Growth habit: Chinese elm is a fast grower. In the ground they can produce branches that are six feet long in a single season. The new shoots of containerized specimens grow fast as well, but also produce secondary branching within the same growing season. Growth is in distinct rounds, usually three each season.
Leaf-size reduction: the leaves easily reduce to ¼” with ramification. No special techniques are required, the leaves reduce on their own.
Ramification: outstanding, beginning in the first developmental year as the new shoots produce secondary and even tertiary growth with no prompting.
The Chinese elm forest you see here was created in 2012 from material grown as cuttings. The primary training was to Continue Reading →
The Cedar Elm is among my chosen five of the best bonsai trees for beginners. Cedar elm, Ulmus Crassifolia, is a member of the Elm family, Ulmaceae.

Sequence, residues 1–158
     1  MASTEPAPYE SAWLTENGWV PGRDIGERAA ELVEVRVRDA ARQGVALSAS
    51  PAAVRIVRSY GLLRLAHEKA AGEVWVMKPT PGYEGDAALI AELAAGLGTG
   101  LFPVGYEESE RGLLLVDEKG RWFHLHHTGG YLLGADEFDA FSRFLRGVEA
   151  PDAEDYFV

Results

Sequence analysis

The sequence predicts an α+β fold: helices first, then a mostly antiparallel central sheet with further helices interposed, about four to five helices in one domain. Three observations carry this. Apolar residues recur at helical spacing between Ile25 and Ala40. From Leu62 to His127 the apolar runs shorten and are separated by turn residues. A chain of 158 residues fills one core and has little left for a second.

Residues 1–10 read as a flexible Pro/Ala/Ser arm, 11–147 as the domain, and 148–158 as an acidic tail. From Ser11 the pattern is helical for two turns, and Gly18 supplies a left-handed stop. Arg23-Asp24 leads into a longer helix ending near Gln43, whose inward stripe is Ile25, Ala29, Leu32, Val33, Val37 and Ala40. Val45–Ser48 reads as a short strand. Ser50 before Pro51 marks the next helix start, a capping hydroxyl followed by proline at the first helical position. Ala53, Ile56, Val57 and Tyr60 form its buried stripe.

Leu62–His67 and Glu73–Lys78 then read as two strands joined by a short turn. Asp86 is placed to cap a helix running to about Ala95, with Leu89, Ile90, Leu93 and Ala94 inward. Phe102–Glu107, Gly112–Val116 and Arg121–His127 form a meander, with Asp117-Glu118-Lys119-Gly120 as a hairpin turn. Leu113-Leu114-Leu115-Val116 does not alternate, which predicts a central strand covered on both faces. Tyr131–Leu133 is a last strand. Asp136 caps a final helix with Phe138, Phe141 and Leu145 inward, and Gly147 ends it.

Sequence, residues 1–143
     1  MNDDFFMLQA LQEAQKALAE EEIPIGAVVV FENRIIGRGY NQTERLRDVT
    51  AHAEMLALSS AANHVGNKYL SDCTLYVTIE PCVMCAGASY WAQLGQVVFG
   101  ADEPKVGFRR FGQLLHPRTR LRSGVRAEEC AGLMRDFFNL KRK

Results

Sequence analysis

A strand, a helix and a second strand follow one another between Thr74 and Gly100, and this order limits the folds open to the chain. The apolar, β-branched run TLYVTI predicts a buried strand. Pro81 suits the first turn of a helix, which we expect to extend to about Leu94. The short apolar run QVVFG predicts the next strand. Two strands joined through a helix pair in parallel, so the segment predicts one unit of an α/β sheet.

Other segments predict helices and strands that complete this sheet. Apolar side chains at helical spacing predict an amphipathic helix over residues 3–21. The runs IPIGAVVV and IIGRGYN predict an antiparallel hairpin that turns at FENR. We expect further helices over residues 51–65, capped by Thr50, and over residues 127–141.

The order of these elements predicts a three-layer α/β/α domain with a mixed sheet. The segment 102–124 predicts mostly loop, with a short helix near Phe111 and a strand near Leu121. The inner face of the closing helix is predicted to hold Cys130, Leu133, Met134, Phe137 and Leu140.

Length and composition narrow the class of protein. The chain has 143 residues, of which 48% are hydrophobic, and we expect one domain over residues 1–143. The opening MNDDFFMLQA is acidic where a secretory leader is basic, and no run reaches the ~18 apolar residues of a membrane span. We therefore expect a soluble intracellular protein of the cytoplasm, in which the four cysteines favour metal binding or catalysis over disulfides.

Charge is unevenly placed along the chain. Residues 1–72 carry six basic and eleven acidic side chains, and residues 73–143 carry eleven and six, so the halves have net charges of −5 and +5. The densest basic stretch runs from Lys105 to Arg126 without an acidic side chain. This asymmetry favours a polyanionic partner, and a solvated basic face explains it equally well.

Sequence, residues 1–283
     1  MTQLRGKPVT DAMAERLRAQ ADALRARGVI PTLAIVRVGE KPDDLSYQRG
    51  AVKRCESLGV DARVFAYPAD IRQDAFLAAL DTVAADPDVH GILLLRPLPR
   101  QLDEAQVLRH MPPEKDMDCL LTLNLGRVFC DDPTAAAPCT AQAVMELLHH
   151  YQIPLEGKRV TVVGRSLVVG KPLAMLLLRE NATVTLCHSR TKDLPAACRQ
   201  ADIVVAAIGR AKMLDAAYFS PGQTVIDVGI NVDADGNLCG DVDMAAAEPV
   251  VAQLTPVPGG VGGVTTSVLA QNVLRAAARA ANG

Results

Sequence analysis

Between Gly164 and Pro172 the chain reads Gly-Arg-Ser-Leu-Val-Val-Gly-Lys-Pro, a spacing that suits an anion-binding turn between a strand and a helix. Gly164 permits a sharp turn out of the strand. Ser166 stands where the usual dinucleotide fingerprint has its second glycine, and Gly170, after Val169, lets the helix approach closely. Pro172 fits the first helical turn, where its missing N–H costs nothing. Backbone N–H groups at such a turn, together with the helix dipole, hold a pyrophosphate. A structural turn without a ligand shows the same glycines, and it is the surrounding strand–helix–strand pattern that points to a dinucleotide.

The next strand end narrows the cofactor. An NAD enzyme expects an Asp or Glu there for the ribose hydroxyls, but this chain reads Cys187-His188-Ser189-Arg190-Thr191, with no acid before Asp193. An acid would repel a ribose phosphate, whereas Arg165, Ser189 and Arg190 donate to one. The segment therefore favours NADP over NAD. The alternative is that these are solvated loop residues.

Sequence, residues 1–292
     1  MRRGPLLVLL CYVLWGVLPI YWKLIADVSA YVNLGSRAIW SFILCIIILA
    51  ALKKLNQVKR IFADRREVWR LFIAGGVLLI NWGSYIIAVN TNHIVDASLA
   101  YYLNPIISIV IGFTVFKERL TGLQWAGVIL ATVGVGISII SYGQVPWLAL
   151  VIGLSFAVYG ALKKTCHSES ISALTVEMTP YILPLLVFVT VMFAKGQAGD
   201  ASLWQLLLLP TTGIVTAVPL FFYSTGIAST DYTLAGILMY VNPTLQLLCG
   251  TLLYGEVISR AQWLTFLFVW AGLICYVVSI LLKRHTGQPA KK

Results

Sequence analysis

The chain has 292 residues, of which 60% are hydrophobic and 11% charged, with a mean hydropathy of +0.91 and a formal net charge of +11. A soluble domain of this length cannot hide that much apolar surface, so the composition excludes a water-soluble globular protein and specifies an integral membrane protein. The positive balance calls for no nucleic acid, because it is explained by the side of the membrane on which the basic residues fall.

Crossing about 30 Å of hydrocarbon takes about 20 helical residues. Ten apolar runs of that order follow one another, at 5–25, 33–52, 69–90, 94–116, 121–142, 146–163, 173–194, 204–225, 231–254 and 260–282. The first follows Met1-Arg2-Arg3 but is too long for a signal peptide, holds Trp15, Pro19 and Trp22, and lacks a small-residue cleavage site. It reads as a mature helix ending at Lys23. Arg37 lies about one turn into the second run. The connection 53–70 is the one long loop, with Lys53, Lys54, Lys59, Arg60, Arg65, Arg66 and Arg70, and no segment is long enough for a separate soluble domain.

Its natural range is East Texas into Northern Louisiana and Southern Arkansas. It’s a primary species, growing to heights of 80’.
The leaves are:
- elliptical or lance-shaped,
- sometimes blunt at the tip and sometimes sharp-pointed,
- 1-2” long and ½ to 1” wide.
- a shiny dark green above with a leathery feel,
- hairy beneath,
- coarsely saw-toothed with rounded teeth (the rounded teeth of the cedar elm’s leaves are about the only way to distinguish between cedar elm and winged elm in young specimens).
The bark of cedar elm is light brown and furrowed into broad, scaly ridges. It takes at least a decade before bark begins to form.
Growth habit: cedar elm backbuds very well on old wood. The specimen pictured below was estimated to be about 40 years old despite only having a trunk diameter of 1-1/2”. It had only a single branch when collected, but produced ample buds to allow for proper development of the tree’s structure.